|Microcontrollers are extensively utilized across a diverse range of applications. However, with the escalating usage of these devices, the risk to their security and the valuable data they process correspondingly intensifies. These devices could potentially be susceptible to various security threats, with side channel leakage standing out as a notable concern. Among the numerous types of side-channel leakages, photon emissions from active devices emerge as a potentially significant concern. These emissions, a characteristic of all semiconductor devices including microcontrollers, occur during their operation. Depending on the operating point and the internal state of the chip, these emissions can reflect the device’s internal operations. Therefore, a malicious individual could potentially exploit these emissions to gain insights into the computations being performed within the device.
This dissertation delves into the investigation of photon emissions from the SRAM blocks of two distinct microcontrollers, utilizing a cost-effective setup. The aim is to extract information from these emissions, analyzing them as potential side-channel leakage points.
In the first segment of the study, a PIC microcontroller variant is investigated. The quiescent photon emissions from the SRAM are examined. A correlation attack was successfully executed on these emissions, which led to the recovery of the AES encryption key. Furthermore, differential analysis was used to examine the location of SRAM bits. The combination of this information with the application of an image processing method, namely the Structural Similarity Index (SSIM), assisted in revealing the content of SRAM cells from photon emission images.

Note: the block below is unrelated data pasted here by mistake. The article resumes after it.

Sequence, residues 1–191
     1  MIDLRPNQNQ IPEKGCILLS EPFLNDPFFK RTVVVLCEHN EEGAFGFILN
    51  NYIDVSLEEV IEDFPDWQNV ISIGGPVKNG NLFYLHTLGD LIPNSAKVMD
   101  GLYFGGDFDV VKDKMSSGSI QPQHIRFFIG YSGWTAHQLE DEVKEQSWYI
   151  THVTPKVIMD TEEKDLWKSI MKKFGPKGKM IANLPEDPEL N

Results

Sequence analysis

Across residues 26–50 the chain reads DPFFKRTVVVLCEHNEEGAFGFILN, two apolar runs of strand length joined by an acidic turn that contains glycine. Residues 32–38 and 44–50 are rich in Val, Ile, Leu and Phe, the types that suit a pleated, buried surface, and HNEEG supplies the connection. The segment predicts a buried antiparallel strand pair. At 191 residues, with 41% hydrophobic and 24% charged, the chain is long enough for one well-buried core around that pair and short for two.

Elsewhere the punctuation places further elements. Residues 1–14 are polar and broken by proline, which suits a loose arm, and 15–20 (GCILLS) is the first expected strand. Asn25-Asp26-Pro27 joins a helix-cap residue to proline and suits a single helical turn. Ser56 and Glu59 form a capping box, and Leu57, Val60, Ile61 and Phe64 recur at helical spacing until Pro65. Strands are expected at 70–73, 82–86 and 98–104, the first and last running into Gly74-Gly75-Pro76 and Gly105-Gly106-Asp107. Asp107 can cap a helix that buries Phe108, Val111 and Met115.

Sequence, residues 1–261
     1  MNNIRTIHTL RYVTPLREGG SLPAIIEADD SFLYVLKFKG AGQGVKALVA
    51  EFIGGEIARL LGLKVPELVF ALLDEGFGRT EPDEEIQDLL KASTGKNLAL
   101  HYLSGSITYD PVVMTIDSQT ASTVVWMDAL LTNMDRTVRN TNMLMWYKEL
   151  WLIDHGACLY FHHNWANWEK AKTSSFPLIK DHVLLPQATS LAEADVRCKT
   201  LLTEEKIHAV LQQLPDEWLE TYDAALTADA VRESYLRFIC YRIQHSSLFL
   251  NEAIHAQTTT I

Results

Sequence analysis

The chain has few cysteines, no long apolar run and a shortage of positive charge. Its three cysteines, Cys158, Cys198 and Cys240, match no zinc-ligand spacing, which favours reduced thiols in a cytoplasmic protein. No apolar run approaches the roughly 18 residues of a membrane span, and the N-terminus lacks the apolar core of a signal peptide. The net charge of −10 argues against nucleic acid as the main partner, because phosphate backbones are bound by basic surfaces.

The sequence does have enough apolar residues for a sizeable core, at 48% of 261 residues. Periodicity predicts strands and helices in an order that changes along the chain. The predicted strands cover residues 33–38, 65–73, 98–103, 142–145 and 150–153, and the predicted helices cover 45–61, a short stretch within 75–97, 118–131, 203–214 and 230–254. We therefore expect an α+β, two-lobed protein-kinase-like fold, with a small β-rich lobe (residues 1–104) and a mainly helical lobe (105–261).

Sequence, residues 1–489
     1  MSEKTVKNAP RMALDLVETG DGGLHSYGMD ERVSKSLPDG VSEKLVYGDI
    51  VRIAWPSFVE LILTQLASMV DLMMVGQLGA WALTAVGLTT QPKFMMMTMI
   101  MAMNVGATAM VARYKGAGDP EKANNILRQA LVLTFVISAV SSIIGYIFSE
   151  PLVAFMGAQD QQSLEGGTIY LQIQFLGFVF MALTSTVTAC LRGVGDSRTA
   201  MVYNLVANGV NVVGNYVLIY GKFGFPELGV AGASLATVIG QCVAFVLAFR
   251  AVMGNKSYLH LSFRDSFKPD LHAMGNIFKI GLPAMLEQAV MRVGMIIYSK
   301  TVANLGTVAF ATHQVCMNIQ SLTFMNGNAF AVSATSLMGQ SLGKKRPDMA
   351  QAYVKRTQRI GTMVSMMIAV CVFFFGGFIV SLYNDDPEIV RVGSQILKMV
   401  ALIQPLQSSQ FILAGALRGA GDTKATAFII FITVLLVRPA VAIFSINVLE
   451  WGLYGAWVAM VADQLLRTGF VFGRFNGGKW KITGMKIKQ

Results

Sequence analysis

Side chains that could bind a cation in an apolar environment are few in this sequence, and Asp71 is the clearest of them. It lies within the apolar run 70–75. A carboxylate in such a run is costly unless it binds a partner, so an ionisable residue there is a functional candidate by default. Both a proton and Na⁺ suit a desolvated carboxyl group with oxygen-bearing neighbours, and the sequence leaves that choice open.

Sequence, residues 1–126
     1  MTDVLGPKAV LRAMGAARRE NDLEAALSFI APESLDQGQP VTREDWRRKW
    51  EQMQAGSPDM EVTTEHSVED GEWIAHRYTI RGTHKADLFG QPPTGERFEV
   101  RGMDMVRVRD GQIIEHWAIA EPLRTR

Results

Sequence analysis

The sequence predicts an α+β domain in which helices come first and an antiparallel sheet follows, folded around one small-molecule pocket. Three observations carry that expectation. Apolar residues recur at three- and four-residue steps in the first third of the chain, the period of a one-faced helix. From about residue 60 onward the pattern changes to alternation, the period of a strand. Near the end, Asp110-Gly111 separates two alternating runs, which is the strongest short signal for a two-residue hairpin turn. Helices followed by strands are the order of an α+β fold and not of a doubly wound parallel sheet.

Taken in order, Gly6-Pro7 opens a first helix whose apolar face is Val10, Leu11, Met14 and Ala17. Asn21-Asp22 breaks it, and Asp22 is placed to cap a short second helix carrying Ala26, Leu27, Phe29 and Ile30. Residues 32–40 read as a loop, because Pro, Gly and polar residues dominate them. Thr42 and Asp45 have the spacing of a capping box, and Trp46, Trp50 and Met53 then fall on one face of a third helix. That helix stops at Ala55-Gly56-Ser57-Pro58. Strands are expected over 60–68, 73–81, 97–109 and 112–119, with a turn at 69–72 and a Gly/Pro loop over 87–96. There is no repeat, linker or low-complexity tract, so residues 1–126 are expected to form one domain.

The second segment of this study, for the first time, emphasizes on a RISC-V chip, examining the photon emissions of the SRAM during continuous reading. Probing the photon emissions from the row and column detectors led to the identification of a target word location, which is capable of revealing the AES key. Also, the content of target row was retrieved through the photon emissions originating from the drivers and the SRAM cells themselves. Additionally, the SSIM technique was utilized to determine the address of a targeted word in RISC-V photon emissions which cannot be analyzed through visual inspection.
The insights gained from this research contribute to a deeper understanding of side-channel leakage via photon emissions and demonstrate its potential potency in extracting critical information from digital devices. Moreover, this information significantly contributes to the development of innovative security measures, an aspect becoming increasingly crucial in our progressively digitized world.